The battle of the smart home is beginning

Connected living is hot on the agenda, with an influx of new hardware and applications being launched. So why is it so confusing for consumers, and how can you decide what is right for your home?
amazon smart plug shown in use in a plug kitchen
Smart plugs are either pre-programmed or work on voice or sound activation. Image: Amazon

What is connected living?

Making your home work faster and more efficiently is the key in creating a smart home. However, there is a disparity between the technology available on the market, the integrations available between different hardware devices, and the intuitive interfaces that many users need to be able to operate their smart tech effectively.

The concept of smart living can include any number of systems; from a simple voice activated thermostat through to fully integrated whole home management systems.

With the UK government introducing legislation for energy companies to implement smart meters in all homes, it is an aspect of household management everybody is starting to become more accustomed to.

Who are the major players in the smart home world?

The biggest players currently are probably Amazon and Google, but these are not by any means the only options out there.

Amazon Echo – controlled by Alexa, the third generation Echo Dot smart speaker (RRP £49.99) plays music and controls compatible devices such as the Amazon Smart Plug (£24.99) and the Ring Video Doorbell (£179).

Google Home – works with the Google Assistant to manage your household devices. Hardware options include indoor and outdoor smart cams, such as the Nest Cam IQ (£299), the Nest Mini speakers, currently available to pre-order (£49), and the Nest Hub (£119).

Philips Hue offers a range of smart Filament bulbs, lamps, control kits and bundles which work with Amazon Alexa, Apple Homekit and Google Assistant powered by the Hue Bridge which allows you to programme your lighting by voice activation. Prices vary between products and starter kits, with the White Ambience Bulb at £24.99.

hue bridge smart home
Philips Hue Bridge system controls voice activated lighting. Image: Philips

ConnectSense Smart Outlet manages heating, lighting and fans through your Wifi and is compatible with Apple Homekit, Amazon Alexa and Google Assistant. The Smart Outlet 2 comes in at $59.95.

Samsung SmartThings range includes the SmartThings Hub (£79), motion sensors (£24), and water leak sensors (£24).

Tech Radar have published a buyers guide cherry picking the best devices across a number of categories.

How is the market growing?

A study carried out by McKinsey shows a ‘31% compound annual growth rate’ between 2015 and 2017. This study showed that, at the time, the biggest factor driving consumer choice was price, with abilities to interact with other devices and connect to a central hub being less important.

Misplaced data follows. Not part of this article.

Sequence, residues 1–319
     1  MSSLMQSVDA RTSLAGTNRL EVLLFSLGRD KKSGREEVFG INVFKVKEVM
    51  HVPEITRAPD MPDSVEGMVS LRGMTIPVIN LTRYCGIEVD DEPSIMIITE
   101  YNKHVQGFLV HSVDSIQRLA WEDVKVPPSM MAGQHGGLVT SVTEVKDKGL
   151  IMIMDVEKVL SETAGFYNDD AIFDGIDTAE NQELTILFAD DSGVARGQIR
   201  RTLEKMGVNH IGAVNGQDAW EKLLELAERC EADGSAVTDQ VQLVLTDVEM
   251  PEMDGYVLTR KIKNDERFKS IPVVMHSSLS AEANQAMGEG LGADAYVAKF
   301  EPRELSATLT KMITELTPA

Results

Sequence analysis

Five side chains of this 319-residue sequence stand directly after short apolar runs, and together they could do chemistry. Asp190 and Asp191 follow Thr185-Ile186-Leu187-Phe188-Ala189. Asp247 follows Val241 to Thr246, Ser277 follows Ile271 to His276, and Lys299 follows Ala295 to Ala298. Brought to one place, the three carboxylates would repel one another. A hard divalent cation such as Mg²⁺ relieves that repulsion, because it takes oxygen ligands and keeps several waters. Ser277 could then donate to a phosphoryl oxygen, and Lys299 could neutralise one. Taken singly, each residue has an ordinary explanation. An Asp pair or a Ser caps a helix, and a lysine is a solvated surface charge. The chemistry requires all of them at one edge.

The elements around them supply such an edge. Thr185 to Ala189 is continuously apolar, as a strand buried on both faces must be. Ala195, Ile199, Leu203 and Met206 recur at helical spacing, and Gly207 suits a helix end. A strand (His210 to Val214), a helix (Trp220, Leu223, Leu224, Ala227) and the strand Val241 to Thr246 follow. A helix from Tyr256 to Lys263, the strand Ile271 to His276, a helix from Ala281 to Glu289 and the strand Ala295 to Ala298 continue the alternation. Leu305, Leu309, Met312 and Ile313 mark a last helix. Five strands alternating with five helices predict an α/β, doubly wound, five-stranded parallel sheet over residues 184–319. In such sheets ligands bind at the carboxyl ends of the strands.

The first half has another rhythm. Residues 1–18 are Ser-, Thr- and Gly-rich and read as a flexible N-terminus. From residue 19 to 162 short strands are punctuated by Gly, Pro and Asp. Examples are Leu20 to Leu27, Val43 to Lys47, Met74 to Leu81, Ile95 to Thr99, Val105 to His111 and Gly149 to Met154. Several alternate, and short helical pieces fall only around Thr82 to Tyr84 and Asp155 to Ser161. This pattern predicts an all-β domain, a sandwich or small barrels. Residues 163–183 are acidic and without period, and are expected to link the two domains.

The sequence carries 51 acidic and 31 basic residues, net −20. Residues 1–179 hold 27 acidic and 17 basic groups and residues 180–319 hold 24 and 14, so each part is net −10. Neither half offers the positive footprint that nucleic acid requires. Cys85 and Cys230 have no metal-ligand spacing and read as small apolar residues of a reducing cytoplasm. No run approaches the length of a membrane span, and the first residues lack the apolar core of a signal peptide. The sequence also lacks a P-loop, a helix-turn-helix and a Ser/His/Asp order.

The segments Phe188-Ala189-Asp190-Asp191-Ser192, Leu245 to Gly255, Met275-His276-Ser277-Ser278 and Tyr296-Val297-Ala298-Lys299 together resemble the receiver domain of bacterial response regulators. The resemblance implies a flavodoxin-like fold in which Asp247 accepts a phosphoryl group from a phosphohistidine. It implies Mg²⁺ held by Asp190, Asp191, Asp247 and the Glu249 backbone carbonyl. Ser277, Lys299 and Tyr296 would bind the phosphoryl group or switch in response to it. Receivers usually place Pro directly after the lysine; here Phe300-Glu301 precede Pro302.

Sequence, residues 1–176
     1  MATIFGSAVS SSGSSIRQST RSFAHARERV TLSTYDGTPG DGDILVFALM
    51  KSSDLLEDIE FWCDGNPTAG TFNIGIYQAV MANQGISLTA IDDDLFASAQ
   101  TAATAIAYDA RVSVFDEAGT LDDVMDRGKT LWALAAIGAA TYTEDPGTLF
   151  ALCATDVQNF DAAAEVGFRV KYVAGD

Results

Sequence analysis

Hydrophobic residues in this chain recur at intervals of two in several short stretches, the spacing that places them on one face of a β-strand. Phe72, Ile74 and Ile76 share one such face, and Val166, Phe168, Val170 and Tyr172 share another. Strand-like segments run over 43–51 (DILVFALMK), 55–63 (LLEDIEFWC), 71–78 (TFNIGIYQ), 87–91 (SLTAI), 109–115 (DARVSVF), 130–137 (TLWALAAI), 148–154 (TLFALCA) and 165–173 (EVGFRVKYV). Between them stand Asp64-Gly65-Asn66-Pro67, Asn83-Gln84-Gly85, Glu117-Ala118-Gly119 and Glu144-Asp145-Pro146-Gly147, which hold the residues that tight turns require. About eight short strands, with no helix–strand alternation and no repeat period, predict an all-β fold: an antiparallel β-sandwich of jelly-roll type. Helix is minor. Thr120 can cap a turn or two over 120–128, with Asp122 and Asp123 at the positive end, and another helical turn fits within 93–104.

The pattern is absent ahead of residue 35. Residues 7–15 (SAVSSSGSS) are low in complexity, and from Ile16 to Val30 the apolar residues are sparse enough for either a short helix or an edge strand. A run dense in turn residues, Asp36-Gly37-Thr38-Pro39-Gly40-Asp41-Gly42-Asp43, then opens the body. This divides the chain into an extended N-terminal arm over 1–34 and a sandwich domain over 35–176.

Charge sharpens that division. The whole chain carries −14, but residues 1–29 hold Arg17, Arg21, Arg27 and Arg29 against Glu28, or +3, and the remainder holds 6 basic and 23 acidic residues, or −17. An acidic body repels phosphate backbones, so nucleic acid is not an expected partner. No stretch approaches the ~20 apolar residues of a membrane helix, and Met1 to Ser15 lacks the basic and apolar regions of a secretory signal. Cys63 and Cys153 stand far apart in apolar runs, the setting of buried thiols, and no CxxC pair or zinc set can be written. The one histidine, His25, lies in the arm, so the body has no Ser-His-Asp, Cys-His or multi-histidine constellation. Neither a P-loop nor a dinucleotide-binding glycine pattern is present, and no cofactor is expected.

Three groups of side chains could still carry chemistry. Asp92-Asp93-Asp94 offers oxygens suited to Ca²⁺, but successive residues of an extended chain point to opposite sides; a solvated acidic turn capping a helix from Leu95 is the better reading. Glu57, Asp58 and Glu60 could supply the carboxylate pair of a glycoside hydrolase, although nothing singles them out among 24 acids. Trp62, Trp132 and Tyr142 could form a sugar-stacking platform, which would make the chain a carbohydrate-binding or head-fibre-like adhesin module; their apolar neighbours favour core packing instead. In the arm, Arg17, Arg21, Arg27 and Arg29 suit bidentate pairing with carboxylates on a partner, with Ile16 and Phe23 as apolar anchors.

This is likely to have changed in the meantime, with smart home systems such as Google Nest and the Amazon Echo Dot significantly changing the way in which smart systems operate and the expectations we have of their uses.

sonos alexa enabled device sitting in a home
Whilst cross-brand integration remains a problem, there are a growing number of devices now compatible with Amazon Alexa. Photo: Sonos

Why is the smart home industry so fragmented?

One of the problems for consumers is understanding the range of options out there, and having enough knowledge about the functionality to make an informed decision.

The other big issue is compatibility; with different devices operated by different systems, and with a variety of brands producing competing products, it is crucial to make sure that you know any product you purchase can integrate seamlessly with any other hardware and systems you need it to run alongside.

This is not a new issue; IBM reported back in 2017 about the problem with the big tech companies wanting to monopolise the market, and the impact this has on consumer experience. Forcing customers to purchase one proprietary ecosystem and having to purchase exclusively from that brand is not a way to encourage customer loyalty.

Smart home gadgets also remain really expensive for a lot of household budgets although as with any new technology this is likely to become more affordable as manufacturing processes and market saturation increases.

Is there a solution in sight?

Perhaps the frustration with lack of cross brand connectivity will finally start to filter through, and the brands will see that being more open to enabling multi-product integrations is essential.

Niggles with the operating functions are sure to be ironed out as the technology matures, and functionality becomes more streamlined.

Making systems more accessible to consumers is the only viable option to ensure that the customer experience is a great one – after all, it is user satisfaction which is the cornerstone of a successful product and, of course, the customer is always right!

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